Initial aircraft maintenance requirements are proposed in a Maintenance Review Board (MRB)[3] report based on Air Transport Association (ATA) publication MSG-3.

Modern transport category airplanes with MSG-3 derived maintenance programs employ usage parameters for each maintenance requirement such as flight hours, calendar time, or flight cycles. Maintenance intervals based on usage parameters allow more flexibility in scheduling the maintenance program to optimize aircraft utilization and minimize aircraft downtime.
capitan estoy perdido... tu dice negativo pero lo que yo dije tu lo estas afirmando abajo........yo se que estan los chequeo A,B,C y D .....es mejor comprar un avion nuevo antes de hacer el D check..........

o tu te refieres a los cycle entre boeing y airbus....
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Old May 2nd, 2012, 04:17 AM   #3812
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lo que pasa halon como compañia puedo hacer todos los chequeos d que yo quiera pero llega un momento que ese chequeo vale mas que lo que la compañia le puede sacar economicamente al avion, mira los A300 de american por lo menos le habrian hecho dos 2 antes de tomar la decicion de sacarlo
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Old May 2nd, 2012, 04:19 AM   #3813
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Quote:
Originally Posted by halon View Post
capitan estoy perdido... tu dice negativo pero lo que yo dije tu lo estas afirmando abajo........yo se que estan los chequeo A,B,C y D .....es mejor comprar un avion nuevo antes de hacer el D check..........

o tu te refieres a los cycle entre boeing y airbus....
si antes de los D tienes los C pero lo que puse es para que vean que es una combinacion de ciclos, horas de vuelos y otros factores afectan el chequeo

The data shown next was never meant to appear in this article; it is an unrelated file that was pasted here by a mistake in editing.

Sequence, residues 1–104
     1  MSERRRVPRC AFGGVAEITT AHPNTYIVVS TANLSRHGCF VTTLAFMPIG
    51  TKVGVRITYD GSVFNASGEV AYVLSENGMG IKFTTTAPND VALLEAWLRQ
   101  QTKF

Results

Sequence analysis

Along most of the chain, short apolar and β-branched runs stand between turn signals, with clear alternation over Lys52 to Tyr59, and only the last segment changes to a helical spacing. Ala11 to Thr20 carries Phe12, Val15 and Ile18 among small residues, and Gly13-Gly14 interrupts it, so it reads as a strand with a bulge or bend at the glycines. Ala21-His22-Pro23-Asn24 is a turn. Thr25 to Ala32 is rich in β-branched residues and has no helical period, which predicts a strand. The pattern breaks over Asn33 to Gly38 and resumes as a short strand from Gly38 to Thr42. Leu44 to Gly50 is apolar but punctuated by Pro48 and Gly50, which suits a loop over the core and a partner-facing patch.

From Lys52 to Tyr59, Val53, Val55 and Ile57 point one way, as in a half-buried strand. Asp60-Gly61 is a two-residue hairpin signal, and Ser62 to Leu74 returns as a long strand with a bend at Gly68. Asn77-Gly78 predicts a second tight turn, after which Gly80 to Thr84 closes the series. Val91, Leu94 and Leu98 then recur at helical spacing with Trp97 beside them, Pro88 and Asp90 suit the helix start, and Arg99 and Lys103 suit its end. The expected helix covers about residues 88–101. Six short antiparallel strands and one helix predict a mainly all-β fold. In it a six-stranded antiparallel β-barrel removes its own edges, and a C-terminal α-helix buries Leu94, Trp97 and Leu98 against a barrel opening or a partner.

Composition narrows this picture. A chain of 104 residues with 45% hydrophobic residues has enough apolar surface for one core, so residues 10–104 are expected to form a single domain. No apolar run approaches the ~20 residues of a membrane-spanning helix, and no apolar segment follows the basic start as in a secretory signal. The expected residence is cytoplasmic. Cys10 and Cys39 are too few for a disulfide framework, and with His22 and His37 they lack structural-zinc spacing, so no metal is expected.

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Old May 2nd, 2012, 04:22 AM   #3814
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Quote:
Originally Posted by capitan727 View Post
si antes de los D tienes los C pero lo que puse es para que vean que es una combinacion de ciclos, horas de vuelos y otros factores afectan el chequeo
aqui en AE tambien se le hace otro chequeo a los ATR ....que son los PS1 y PS2....el PS1 es cosmetico y el PS2 es a los aviones que son Partially overwater y los que son Full overwater.

Alos ATR no se le va hacer los D check.....se van para carga.
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Old May 2nd, 2012, 04:29 AM   #3815
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como dice el escrito que es lo que mande el fabricante del avion y el dueño
por eso que los cambios de flotas lo hace mas el factor economico.
IT'S ABOUT THE MONEY!!!!!
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Old May 15th, 2012, 07:42 AM   #3816
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SDQ - 14 de mayo 2012 - PAWA

Lo que queda....





















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Old May 15th, 2012, 04:30 PM   #3817
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que verdadera pena, ver ambos DC9 juntos en tierra..
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Old May 15th, 2012, 04:53 PM   #3818
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Que malo por PAWAD....Donde esta el MD?

PD: Ese jet venezolano no fue uno que tuvo un percance hace un tiempo?
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Old May 15th, 2012, 04:55 PM   #3819
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Quote:
Originally Posted by Chipo View Post
Que malo por PAWAD....Donde esta el MD?

PD: Ese jet venezolano no fue uno que tuvo un percance hace un tiempo?
El MD esta en la rampa de carga.

Sobre lo del Jet, no sabia nada de eso.
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Old May 15th, 2012, 04:56 PM   #3820
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correcto Chipo, ese jet es del ex duenio de PWD, Simeon Garcia.

sobre el MD, pues sigue cojiendo sol en la rampa cargo.

Declaraciones del Presidente de la ANP aseguran que PWD volvera a volar pronto, pero algo nuevo , ATR42, y pues retomaran el MD-82, antes pues tendrian que saniar las deudas.

Ruta ;Aguadilla

Last edited by Danfer21; May 15th, 2012 at 05:14 PM.